• Ahokas, Iida (2022)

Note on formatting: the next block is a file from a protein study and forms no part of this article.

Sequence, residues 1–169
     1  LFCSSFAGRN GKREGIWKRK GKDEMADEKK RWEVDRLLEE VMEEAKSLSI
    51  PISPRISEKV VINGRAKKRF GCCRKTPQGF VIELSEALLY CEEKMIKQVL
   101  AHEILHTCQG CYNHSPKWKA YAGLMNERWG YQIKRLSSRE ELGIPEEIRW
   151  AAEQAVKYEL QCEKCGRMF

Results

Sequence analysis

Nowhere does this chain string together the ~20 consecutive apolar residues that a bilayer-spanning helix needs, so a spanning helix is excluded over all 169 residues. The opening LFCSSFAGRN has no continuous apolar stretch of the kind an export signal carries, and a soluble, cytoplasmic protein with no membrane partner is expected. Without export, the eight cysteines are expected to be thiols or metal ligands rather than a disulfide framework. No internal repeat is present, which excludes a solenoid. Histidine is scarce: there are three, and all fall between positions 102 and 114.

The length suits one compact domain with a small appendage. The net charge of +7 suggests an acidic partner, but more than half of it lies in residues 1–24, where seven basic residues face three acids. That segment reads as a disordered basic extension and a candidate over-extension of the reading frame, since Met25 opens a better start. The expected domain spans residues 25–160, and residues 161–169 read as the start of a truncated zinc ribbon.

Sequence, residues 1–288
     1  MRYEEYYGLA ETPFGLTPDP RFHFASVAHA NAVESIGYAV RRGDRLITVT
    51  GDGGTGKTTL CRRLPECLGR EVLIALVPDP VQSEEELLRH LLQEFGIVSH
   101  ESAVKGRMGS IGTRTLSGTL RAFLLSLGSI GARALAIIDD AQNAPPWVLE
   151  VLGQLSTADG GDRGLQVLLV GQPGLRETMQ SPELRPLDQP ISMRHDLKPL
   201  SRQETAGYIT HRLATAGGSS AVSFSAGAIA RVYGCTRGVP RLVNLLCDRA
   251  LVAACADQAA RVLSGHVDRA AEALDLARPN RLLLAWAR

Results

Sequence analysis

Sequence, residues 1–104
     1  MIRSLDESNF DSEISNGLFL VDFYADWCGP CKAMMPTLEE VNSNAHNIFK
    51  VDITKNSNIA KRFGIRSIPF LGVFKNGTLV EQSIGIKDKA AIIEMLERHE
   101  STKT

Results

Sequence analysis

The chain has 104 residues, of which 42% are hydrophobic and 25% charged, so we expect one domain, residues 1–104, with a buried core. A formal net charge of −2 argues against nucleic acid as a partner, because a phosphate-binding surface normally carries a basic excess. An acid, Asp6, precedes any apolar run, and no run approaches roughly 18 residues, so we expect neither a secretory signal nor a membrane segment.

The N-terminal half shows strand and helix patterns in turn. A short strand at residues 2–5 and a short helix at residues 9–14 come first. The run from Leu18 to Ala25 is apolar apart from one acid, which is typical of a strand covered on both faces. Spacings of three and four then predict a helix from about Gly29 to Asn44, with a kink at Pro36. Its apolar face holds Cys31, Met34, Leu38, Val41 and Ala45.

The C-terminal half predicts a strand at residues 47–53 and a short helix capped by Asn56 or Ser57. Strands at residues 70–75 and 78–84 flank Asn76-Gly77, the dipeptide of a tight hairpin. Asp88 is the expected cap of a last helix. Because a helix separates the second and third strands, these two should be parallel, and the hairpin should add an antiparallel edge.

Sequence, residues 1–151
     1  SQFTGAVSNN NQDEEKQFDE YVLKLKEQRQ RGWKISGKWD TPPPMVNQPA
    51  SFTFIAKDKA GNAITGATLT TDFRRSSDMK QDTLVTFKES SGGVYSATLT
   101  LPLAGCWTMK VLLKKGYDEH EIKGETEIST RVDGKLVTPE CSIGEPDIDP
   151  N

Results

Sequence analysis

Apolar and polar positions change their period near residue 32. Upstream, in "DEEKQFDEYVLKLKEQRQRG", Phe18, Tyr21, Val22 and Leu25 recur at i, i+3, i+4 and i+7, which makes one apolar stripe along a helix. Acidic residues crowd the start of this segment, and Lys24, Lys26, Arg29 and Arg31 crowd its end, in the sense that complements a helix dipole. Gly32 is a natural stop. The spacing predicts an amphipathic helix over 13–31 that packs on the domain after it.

Background: Food systems and diets affect both human health and the environment. As dietary behaviour adopted in childhood often track to adulthood, the meals served in daycare centres offer a good opportunity for promoting healthy and climate-friendly eating habits in both short- and long-term. Objectives: As part of the FoodStep project, the objectives of this study were to examine compliance with the food-level recommendations, nutrient content per child and climate impacts of the conventional menus in Finnish daycare centers, as well as the potential changes in the compliance with the food-level recommendations, nutrient content per child and climate impacts of the FoodStep menus, modified towards more plant-based diet. Methods: Menus, recipes, and planned portion sizes were used to create hypothetical food diaries, representing the planned foods per child during a full-day daycare. Nutrient calculations were performed for conventional menus and modified FoodStep menus for four Finnish municipalities. Climate impacts of the same meals were calculated at Natural Resources Institute of Finland. Results: In the conventional menus, food-level serving frequency recommendations were not met for several food groups, but the compliance was clearly improved in the modified FoodStep menus in all the municipalities. At nutrient-level, the issues in the two menus were similar in every municipality: compared to the recommendations for daycares, too low proportion of energy was derived from fat and too high from protein. In addition, the planned salt supplies were excessive. The planned supplies of energy and micronutrients fulfilled the recommendations with the only exception of iron in the conventional menu of one municipality. In three of the four municipalities, the FoodStep menu modifications led to markedly reduced climate impacts. Conclusions: More focus in daycare menu planning would be needed to meet both the food- and nutrient-level recommendations. Moderate modifications of the conventional daycare menus – increasing vegetables, fruits, and berries, and sustainable fish species and decreasing meat and dairy products – can improve the compliance with the food-level recommendations and decrease the climate impacts of the menus without negative effects on the nutrient supplies.